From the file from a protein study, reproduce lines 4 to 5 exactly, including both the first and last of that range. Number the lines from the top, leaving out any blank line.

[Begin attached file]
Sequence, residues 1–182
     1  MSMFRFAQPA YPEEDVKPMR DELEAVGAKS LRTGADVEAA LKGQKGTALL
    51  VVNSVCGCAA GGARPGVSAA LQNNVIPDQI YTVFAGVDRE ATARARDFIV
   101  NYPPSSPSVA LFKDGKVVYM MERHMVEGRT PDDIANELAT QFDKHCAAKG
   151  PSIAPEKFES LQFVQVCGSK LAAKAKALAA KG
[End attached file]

   101  NYPPSSPSVA LFKDGKVVYM MERHMVEGRT PDDIANELAT QFDKHCAAKG
   151  PSIAPEKFES LQFVQVCGSK LAAKAKALAA KG